For The Monumental John Goodman, A Hard-Working Lucky Streak

By  · Published on February 7th, 2014

The past few years have been kind to John Goodman: Monsters University was a worthy followup to Monsters Inc.; Inside Llewyn Davis was the best film of 2013; he stole the show in Flight; he was a part of a best picture winner with Argo; and he was in two kids films that will never be forgotten: Speed Racer and ParaNorman. The fact that that list of films doesn’t begin to cover all of Goodman’s good fortune goes to show how blessed he’s been. Really, how hard he’s worked. Settling into his fifth decade of acting, Goodman is hitting his stride.

Yet it’s the actor who accredits this success to pure chance. “It’s just the luck of the draw,” Goodman explained, while discussing The Monuments Men. “It’s total luck. Boy, I’m grateful everyday for it. The last few years have been a great ride. I look forward to going to work everyday. I wouldn’t trade it.”

And why would he? He’s appeared in many critical and commercial darlings, and he’s even back on a series with Amazon’s Alpha House, which, from the sound of it, he had a blast making. The same goes for his time spent on The Monuments Men.

“George mentioned this earlier today, but if we didn’t have to work, Billy and I would just show up on set to hang out. It was such a great vibe. I hadn’t done that since I started out.” Goodman gives credit to Clooney for creating a welcoming set. Goodman and Clooney have known each other since 1987 and already had a working relationship through Argo before pairing for the new Nazi art-theft movie. It was a year ago at an after party for Argo the writer/director said he might have something for Goodman, who replied boldly, “Yeah, sure.”

Easy-going commitment aside, this is the type of project that would be hard to say no to: Clooney directing; a great ensemble; and, to make it all better, a chance to return to Berlin, a city Goodman loves.

It’s a role that also sees him extending and building on solid filmmaking relationships. Beyond Clooney, Goodman and Jean Dujardin worked together on The Artist and they reunite here to battle Hitler. The two got along well on The Artist, but this time the interplay between them is different, both onscreen and off. “This time he spoke English. Man, I don’t know how he learned it so quickly. Doing The Artist we’d have to improvise with each other, but in two different languages.” As proven by The Artist and his big smile in The Monuments Men, Dujardin is a charismatic force to be reckon with. “He’s incredibly funny. He’s really quick-witted and he’s got a lot of heart.”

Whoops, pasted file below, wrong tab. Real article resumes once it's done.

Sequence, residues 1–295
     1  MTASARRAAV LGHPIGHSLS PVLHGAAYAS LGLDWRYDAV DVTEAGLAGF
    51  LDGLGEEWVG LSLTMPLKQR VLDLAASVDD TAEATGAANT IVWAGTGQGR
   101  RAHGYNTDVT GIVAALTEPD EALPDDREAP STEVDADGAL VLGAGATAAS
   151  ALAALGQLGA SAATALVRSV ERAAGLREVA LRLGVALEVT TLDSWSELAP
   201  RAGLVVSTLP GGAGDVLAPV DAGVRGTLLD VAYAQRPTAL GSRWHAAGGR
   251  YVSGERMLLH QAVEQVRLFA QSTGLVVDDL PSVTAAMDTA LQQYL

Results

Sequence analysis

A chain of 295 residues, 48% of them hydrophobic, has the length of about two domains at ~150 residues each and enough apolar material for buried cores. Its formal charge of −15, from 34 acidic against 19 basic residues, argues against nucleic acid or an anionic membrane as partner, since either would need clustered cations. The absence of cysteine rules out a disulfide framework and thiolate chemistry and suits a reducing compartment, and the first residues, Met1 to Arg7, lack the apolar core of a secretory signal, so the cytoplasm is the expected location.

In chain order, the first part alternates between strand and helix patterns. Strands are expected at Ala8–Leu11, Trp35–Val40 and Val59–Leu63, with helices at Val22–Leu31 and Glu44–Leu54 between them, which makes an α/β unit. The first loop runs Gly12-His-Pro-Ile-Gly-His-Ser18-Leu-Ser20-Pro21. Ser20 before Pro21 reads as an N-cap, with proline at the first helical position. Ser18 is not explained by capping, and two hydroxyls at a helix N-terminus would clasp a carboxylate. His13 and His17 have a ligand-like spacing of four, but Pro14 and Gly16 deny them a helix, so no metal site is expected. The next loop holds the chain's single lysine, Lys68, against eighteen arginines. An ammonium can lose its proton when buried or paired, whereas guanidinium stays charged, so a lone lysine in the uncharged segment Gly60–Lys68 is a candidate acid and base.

Dujardin is far from the first actor Goodman has played a memorable buddy-buddy relationship with for a film. He’s been a part of iconic film friendships: Walter Sobchak and Jeffrey “The Dude” Lebowski (Jeff Bridges); James P. Sullivan and Mike Wazowski (Billy Crystal); and, of course, the complicated relationship between Charlie Meadows, a man with stories, and Barton Fink (John Turturro), the man who never listens.

Goodman has had plenty of luck with screen partners, because, when it comes to the duos he’s been a part of, he couldn’t think of a single actor he hadn’t hit it off with. The first name he mentioned is the one you’d expect, and hope, to hear. “Jeff and I had two weeks of rehearsal on Lebowski to get to know each other a little bit,” said Goodman. “What was important [in that time] was the lines for The Big Lebowski were very intricate, to the point where people think we improvised, that it looked very natural.” Goodman takes that response as a compliment, but, he added, “There was nothing spontaneous about it. It was all very cleverly written.”